I am always thinking about what’s next at work. (Even on vacation sometimes, like now.) But at our recent, all-team meeting I made a conscious decision to stop. And I did something I have never done before — I interrupted my presentation and asked everyone to stop too. I wanted us all to take a moment to be in the “now.”
It was a purposeful break with a message — the new is not always better than right now. Sometimes now is all there should be.
There is always a new feature, new project, new goal. There is a new person to interview and a new customer to help. We all tend to get focused on the new. I took that break because I thought we all needed the reminder — to acknowledge where we are. And the timing was right.
See, the entire company was in one large meeting room together — something that only happens twice a year for our fully distributed and global team. And we had some enormous accomplishments to enjoy together. Aha! is now one of the fastest-growing software companies in the United States, serving more than 100,000 users. We even wrote a bestselling book on how we did it.
But we did not achieve those accomplishments by constantly looking ahead — always looking for how big we could grow the company or how fast we could exit. We did it by staying gritty and focusing on the hard work that was right in front of us. And we built a framework for how we do the work right here and now — The Responsive Method (TRM).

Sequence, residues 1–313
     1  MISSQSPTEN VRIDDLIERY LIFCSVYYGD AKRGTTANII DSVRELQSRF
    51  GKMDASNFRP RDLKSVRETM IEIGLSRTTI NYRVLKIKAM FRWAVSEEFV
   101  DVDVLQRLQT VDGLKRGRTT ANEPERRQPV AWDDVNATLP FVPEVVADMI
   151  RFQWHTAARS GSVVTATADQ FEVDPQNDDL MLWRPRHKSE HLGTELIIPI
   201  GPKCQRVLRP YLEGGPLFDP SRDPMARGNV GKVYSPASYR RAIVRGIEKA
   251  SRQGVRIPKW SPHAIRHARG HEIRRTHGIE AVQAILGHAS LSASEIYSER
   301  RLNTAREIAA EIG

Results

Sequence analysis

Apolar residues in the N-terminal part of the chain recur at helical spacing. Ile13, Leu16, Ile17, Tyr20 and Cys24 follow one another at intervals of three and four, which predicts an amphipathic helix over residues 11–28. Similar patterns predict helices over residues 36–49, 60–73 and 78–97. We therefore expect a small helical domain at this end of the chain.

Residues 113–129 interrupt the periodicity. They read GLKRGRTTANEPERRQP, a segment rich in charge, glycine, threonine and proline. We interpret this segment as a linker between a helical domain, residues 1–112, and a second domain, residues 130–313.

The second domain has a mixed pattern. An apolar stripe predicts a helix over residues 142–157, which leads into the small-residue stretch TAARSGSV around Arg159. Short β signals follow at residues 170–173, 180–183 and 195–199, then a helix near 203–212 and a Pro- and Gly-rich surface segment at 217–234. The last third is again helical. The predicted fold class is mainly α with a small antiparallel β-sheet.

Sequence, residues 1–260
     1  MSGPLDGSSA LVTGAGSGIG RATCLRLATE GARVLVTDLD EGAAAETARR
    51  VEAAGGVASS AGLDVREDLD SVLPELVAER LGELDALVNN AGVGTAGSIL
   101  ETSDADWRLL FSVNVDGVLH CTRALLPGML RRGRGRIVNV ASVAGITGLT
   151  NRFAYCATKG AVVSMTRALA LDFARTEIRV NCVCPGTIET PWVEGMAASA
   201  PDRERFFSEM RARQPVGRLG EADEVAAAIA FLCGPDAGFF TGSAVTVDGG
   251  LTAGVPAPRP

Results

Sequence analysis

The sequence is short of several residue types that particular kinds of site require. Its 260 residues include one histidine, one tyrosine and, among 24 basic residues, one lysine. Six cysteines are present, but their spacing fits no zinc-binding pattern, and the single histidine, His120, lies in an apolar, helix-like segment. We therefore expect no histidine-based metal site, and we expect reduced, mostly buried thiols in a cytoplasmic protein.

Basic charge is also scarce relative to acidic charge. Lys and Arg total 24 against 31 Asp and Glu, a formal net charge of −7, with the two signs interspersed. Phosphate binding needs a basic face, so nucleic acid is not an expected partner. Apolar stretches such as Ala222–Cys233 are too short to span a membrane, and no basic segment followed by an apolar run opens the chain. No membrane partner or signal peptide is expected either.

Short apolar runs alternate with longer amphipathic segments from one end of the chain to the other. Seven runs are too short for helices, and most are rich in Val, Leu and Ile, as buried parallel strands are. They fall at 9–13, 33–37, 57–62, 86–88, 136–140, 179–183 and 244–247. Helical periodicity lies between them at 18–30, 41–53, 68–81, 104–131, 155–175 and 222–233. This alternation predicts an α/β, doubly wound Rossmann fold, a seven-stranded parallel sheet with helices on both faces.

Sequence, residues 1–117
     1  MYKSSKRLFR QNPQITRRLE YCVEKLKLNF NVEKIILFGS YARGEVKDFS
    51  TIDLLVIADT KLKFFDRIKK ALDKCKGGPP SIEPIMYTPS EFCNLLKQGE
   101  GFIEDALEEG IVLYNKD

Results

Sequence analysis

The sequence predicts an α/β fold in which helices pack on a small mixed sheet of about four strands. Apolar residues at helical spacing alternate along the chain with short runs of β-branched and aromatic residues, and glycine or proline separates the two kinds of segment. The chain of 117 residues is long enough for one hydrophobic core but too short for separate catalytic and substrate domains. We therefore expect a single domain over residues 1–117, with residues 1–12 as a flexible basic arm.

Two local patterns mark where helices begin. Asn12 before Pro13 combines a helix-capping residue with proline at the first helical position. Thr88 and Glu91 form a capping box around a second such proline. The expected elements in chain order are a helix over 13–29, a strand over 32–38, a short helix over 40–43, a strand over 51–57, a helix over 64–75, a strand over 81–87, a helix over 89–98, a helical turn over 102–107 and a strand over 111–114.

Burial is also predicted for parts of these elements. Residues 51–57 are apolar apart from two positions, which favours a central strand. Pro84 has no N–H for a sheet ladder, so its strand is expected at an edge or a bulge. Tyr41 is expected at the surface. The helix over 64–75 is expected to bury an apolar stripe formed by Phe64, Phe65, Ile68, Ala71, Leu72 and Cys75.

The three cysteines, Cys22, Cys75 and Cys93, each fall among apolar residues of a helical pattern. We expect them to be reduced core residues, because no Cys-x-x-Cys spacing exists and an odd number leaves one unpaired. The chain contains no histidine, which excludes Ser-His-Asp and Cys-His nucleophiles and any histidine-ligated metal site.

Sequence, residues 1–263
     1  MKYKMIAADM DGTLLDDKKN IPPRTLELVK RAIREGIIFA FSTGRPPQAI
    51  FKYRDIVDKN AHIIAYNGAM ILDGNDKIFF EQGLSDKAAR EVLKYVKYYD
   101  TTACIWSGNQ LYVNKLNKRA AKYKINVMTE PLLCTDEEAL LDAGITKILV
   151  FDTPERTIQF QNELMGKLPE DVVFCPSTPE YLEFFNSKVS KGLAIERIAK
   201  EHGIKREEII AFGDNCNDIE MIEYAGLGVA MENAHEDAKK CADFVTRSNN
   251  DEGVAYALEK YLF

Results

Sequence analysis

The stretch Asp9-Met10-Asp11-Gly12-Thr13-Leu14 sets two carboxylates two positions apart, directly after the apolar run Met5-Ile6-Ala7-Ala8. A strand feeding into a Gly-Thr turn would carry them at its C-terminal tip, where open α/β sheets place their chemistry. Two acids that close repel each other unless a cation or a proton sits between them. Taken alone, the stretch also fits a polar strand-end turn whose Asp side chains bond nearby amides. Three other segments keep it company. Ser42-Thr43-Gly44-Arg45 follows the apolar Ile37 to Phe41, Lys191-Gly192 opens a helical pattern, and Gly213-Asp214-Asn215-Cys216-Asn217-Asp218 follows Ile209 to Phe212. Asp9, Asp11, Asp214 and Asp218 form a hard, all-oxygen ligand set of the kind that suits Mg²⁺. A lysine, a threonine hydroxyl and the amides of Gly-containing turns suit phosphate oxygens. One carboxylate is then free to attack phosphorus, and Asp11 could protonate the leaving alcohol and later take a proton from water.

TRM is grounded in the belief that interactions with urgency move people and organizations forward. Whether it is a bug, a customer request, or a teammate’s need, we strive to focus on the issue that is right in front of us. Our team is filled with smart people who are doing good work.
I want us all to remember that life is short — so we should push to be our best every day. And every so often, stop to take pride in each other and what we have accomplished.
That break I took during our meeting was a short one, but it was unusual. I laid down on the floor and counted to 60, which seemed like a very long time to pause during a presentation. And I am glad I did. It was one of the most memorable moments of my career, and I know that the team will remember it too.
I hope that we will also remember this — new is where adventure lies, but the now is where our accomplishments and memories are created.
How do you stop and appreciate the now?